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Stolen Watch

Over the past several months, we have been hosting at least one ministry at our Vestry meetings. These interactions between ministry leaders and the Vestry offer all of us an opportunity to learn more about that ministry, its challenges, and, more importantly, how best we may be able to respond to some of the challenges as a Vestry. This past week, we hosted Jenn Adkins and Leigh Smith, who have been working extremely hard with other parishioners on our Children Formation - even during the peak of the pandemic. They, and many others, reflect the deep desire to nurture children in a way that brings out the best in them, not only for today but for tomorrow, as well.

One thing that struck me was the optimism of both Jenn and Leigh. It has been challenging, no doubt, and it will be challenging going forward, but they are determined. They are determined to continue to teach Sunday School and offer their best to the children of Christ Church. The teachers may not necessarily know, at this moment which of the many children they teach week-in and week-out, either in person or on Zoom, would be impacted by their teaching and model of faithfulness.

In their optimism, they expressed a need. They need other parishioners to join them in teaching and modeling God’s love to our children. Are you the one? Can you be the one? Should you be the one? I am sure you have the capacity to teach and model a life of faithfulness and compassion to our children within you.

This brings me to the story about the stolen watch...

An old man meets a young man who asks, “Do you remember me?”

And the old man says that he does not. The young man then tells him he was his student, so the teacher asks him, “What do you do, what do you do in life?”

The young man answers, “Well, I became a teacher.”

“Ah, how good. Like me?” asks the old man.

“Well, yes. In fact, I became a teacher because you inspired me to be like you.”

The old man, curious, asks the young man at what point in time he decided to become a teacher. And the young man tells him the following story:

“One day, a friend of mine - also a student - came in with a nice, new watch, and I decided I wanted it, so I stole it. I took it right out of his pocket. Shortly after, my friend noticed the theft of his watch and immediately complained to our teacher, who was you.

Then you went to the class and said, 'This student's watch was stolen during class today. Whoever stole it, please return it.'

I didn't give it back because I didn't want to. You proceeded to close the door and tell us all to get up as you were going to search our pockets one by one until the watch was found. But you also told us to close our eyes because you would only look for his watch if we all had our eyes closed.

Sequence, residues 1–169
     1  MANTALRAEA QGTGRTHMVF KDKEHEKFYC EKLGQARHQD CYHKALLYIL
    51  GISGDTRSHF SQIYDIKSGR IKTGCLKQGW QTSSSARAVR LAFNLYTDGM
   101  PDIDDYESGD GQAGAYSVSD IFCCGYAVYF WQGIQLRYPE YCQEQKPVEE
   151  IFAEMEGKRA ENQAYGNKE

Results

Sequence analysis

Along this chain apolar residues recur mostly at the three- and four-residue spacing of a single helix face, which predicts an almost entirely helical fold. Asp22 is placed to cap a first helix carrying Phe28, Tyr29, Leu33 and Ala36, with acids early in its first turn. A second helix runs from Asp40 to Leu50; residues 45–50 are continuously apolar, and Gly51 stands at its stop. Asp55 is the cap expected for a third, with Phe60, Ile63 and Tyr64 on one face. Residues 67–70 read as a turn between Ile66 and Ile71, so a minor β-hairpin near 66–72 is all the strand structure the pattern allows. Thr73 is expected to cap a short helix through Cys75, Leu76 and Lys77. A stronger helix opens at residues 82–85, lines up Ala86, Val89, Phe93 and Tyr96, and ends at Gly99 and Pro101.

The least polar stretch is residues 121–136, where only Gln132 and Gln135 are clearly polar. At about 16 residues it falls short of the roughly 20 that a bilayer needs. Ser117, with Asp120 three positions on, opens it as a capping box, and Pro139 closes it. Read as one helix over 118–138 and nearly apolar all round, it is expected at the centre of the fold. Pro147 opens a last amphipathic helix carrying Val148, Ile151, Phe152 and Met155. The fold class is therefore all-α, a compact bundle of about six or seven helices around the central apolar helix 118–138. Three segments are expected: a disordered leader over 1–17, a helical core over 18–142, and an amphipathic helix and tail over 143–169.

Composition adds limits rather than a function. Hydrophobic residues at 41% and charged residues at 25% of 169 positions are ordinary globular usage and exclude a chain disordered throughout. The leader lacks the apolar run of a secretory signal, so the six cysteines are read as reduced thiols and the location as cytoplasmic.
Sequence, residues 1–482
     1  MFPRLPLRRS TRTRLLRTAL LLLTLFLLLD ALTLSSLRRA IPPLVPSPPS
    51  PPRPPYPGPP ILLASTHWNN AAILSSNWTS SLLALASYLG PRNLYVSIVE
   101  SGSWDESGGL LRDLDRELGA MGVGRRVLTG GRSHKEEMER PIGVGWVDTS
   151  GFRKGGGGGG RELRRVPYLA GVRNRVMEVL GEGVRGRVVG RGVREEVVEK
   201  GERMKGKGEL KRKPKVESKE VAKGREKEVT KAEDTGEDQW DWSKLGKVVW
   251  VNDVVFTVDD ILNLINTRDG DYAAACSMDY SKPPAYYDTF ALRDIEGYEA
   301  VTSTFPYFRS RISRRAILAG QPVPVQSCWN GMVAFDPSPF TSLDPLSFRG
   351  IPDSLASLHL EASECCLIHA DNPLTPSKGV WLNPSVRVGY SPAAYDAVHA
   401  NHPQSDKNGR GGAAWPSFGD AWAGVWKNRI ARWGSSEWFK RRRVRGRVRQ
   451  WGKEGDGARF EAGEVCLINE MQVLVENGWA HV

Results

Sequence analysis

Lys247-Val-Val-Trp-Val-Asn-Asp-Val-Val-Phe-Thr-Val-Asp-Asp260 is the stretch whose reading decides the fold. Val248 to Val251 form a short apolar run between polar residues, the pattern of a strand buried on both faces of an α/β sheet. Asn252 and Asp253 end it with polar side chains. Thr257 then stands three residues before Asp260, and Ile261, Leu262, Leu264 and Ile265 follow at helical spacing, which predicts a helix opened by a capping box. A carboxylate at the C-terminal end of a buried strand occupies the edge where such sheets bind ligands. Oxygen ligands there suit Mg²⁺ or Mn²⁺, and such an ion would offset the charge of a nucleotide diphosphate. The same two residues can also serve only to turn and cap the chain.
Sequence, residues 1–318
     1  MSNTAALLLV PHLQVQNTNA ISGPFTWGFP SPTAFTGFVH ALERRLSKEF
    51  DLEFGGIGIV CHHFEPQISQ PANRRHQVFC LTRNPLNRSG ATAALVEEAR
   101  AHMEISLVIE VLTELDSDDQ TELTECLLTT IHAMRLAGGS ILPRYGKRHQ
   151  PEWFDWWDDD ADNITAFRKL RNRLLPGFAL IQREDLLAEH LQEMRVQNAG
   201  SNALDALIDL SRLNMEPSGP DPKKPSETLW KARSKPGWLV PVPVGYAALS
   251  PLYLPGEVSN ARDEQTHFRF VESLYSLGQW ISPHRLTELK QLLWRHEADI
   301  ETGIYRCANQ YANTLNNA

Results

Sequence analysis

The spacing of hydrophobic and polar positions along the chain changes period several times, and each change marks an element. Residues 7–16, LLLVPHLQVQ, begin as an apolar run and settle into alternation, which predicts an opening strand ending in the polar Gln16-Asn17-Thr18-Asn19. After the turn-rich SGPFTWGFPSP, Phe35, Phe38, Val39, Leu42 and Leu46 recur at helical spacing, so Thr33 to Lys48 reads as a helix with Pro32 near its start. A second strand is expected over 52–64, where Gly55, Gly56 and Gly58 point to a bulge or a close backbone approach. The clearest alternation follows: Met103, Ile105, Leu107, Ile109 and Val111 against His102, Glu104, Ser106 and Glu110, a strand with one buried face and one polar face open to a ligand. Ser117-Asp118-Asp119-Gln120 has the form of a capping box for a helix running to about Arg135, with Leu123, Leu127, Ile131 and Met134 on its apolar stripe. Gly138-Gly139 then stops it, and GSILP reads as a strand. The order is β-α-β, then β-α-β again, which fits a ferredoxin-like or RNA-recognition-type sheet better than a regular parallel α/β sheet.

So we did, and you went from pocket to pocket, and when you went through my pocket, you found the watch and took it. You kept searching everyone's pockets, and when you were done you said, 'Open your eyes. We have the watch.'

You didn't tell me, though, and you never mentioned the episode. You never said who stole the watch, either. That day, you saved my dignity forever. It was the most shameful day of my life.

But this is also the day my dignity was saved and I decided not to become a thief, a bad person. You never said anything, nor even scolded me or took me aside to give me a moral lesson, yet I received your message clearly.

And thanks to you, I understood what a real educator needs to do. Do you remember this episode, professor?"

The professor answered, "I remember the situation, the stolen watch that I was looking for in everyone’s pocket, but I didn't remember it was you, because I also closed my eyes while looking."

This is the essence of teaching: If to correct, you must humiliate; you don't know how to teach.

I have always believed in Sunday School, and I believe so strongly that it is an important part of our common life that we should not in any way compromise. I have had the blessing of serving in different parishes with strong Sunday School programs, and I know the difference that this, alone, makes to the health of a parish.

I believe that in so far as volunteers can model virtues of love, compassion, humility, trust, and faithful dedication to children, they can be sure that at least one seed will fall on good soil and bear fruit... fruit that will last.

I know you can model these virtues, and I invite you to close your eyes and be the teacher who found the stolen watch and also affirmed the dignity of that child.

I invite you to consider being a Sunday School teacher.



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